Facing Adversity

There are so many things going on that I cannot talk about publicly for a variety of reasons, but all of these things piled up can make life feel particularly challenging at this moment. The specifics are unimportant. Most people are grappling with things they cannot and do not talk about for personal reasons. What I do know is that staying calm in the midst of it all, certainly helps. In addition, I remind myself to take time to appreciate all that I have.

Which reminds me of the story about the man who is being chased by a tiger. There is a cliff straight ahead and all other escape routes are cut off to him. He must make a choice – get eaten by the tiger or jump off the cliff to his certain death. So he does what any reasonable person would do, he jumps off the cliff, but on the way down he grabs hold of a shrub growing out of the cliff’s sheer face. As he hangs on for dear life he notices a single flower growing from the shrub. He marvels at the beauty of this flower while clinging to what few moments he has left of his life as his grip loosens.

This isn’t how the real story actually goes, there are a number of variations to it, though the central theme remains the same – what do we do, how do we behave when things get tough? The above story is how I reconstructed the original Zen story, which features a strawberry and not a flower. My interpretation isn’t about the importance of staying present or the inevitability of death, though both are worthy topics to discuss. To me this is about how we behave in the face of adversity. We think of life as going on endlessly. When excitedly awaiting something, the minutes pass slowly, however our lives are just seconds when compared to the history of mankind. We are all going off the cliff to our deaths eventually, but on our way down, how do we behave? In the face of adversity, can I still marvel at the beauty of this life and the planet I’ve been fortunate enough to occupy while looking for an alternate way to descend the cliff without plummeting to a gruesome death on the sharp rocks below?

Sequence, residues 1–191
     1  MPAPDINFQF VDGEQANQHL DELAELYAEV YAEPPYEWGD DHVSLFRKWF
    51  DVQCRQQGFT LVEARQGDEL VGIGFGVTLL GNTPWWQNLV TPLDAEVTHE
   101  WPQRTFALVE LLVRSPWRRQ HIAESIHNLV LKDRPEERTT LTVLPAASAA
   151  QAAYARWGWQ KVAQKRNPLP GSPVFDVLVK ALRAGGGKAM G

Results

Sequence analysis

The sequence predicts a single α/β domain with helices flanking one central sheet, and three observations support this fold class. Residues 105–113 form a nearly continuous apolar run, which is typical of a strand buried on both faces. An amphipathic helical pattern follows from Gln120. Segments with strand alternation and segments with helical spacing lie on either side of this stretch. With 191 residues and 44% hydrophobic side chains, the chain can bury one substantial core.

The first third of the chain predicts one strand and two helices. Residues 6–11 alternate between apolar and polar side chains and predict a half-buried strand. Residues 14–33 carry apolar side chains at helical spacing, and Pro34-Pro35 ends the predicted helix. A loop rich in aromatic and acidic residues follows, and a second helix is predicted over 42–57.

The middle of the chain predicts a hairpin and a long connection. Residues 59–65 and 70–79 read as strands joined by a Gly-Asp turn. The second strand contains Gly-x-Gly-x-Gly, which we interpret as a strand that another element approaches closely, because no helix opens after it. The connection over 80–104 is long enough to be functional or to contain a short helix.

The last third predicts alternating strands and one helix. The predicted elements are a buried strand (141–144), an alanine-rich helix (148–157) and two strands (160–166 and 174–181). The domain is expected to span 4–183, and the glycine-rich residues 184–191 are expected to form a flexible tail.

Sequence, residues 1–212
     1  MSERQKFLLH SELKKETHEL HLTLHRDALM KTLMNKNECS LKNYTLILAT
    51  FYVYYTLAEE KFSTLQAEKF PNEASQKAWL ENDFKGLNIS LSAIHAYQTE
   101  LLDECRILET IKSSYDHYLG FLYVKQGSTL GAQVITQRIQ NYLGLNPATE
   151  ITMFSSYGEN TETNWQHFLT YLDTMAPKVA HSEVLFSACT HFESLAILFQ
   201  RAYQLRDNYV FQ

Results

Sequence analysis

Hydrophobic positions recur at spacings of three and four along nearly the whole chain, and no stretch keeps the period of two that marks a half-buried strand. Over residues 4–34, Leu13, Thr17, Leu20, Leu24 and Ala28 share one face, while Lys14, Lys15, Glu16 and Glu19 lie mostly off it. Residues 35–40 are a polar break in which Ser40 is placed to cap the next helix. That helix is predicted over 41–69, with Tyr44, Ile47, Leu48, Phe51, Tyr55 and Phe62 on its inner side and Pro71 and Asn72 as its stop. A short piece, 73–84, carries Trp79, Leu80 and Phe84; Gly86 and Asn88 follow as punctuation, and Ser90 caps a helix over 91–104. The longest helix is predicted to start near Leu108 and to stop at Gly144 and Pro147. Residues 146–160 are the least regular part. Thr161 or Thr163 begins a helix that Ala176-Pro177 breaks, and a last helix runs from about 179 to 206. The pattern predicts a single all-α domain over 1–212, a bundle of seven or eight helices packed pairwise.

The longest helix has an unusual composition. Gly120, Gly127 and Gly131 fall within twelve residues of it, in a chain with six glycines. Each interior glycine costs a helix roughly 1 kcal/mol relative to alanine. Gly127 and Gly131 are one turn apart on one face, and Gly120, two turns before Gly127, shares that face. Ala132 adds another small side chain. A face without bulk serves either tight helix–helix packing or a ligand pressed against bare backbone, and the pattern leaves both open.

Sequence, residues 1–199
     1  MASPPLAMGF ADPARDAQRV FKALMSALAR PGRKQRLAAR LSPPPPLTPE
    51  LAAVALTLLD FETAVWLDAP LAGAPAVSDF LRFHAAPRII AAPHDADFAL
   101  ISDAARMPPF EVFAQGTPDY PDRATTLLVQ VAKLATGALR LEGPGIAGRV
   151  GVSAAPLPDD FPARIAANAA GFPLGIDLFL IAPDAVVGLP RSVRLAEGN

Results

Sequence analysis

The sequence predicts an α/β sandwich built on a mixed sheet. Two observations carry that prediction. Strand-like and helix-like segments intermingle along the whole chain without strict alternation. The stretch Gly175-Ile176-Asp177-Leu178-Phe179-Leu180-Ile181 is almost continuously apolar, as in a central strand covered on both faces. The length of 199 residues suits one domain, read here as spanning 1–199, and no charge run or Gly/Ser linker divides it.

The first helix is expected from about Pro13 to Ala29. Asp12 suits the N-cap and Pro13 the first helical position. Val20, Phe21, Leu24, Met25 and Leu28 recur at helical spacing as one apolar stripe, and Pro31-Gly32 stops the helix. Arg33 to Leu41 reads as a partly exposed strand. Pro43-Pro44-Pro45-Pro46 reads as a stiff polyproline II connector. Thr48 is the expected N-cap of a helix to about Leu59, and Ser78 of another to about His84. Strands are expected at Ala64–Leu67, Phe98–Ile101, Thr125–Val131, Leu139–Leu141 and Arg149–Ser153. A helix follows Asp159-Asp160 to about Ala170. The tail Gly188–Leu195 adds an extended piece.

When things are tough can I remember to be curious and explore despite everything else that’s going on?

When creating a new project there are a few themes that crop up over and over. One of them is this idea that there is always more going on below the surface. One of my first pieces that I designed, I put a large metal zipper in to signify that what looks like a pretty garden has more going on. Another one of my pieces I entitled, “It’s Not What You Think”.

Bringing this idea into one’s art is something I continue to explore. The layers of the human experience, the depths to which we can delude ourselves, but also the honesty with which we can examine our experiences and hopefully learn from them is the fertile ground we can explore as we create. During this time of uncertainty, with the pandemic raging, the virus mutating, the constant and seemingly relentless drama in the United States, not to mention the myriad personal challenges most of us face, can I still see beauty in this world? Can I still create inspite of it all?

Yes. Yes, I can.

Coping by Stitching

Coping by Stitching

People often say to me things like – “You’re so patient” or “I could never do that, it’s so tedious.” What I want to tell them is that I am so NOT patient. I am incredibly impatient, so much so that as a child my impatience was something often commented on by others, not just my parents! I would like to report that I’ve made massive inroads with this since then, but the truth is, I tend towards impatience rather than the other way around. However life has a way of throwing things at you, and over the years I’ve had to dig deep to find ways to temper my impatience. One of those ways, ironically, is through stitching.

Stitching is like meditation. It calms my mind, gets me out of myself and my often whirlwind thoughts that can ricochet from one crises to the next if left untended. Tending to my ragged nervous system requires vigilance and a whole series of things that I must do each day so that I have a chance at making sane, calm choices. Stitching is something I must do. It doesn’t feel like an option. It feels like a necessity. I must have material, needle and thread in hand or I feel off, the day is destined to be more difficult, life’s problems feel more acute, small problems take on a razor sharp edge, things begin to feel increasingly chaotic and impossible. Stitching gives me some semblance of order, a feeling of being a part of something much larger; a feeling that I am part of something inexplicable and unknown.

As I design and look at each shape, consider which thread to use, what stitch will best compliment that shape, those colors, that idea – it feels like I am inserting a little beauty into the day. And so this is how I cope. This is how, when everything feels impossible, when I am overwhelmed by life, through stitching I feel some semblance of calm in the midst of, what otherwise feels like, a tsunami.

Bullion Knots, Picot, Running Stitch, Backstitch & Beaded Backstitch on Wool & Velvet
Bullion Knot, French Knot, Backstitch, Running Stitch on Wool, Cotton & Dupioni Silk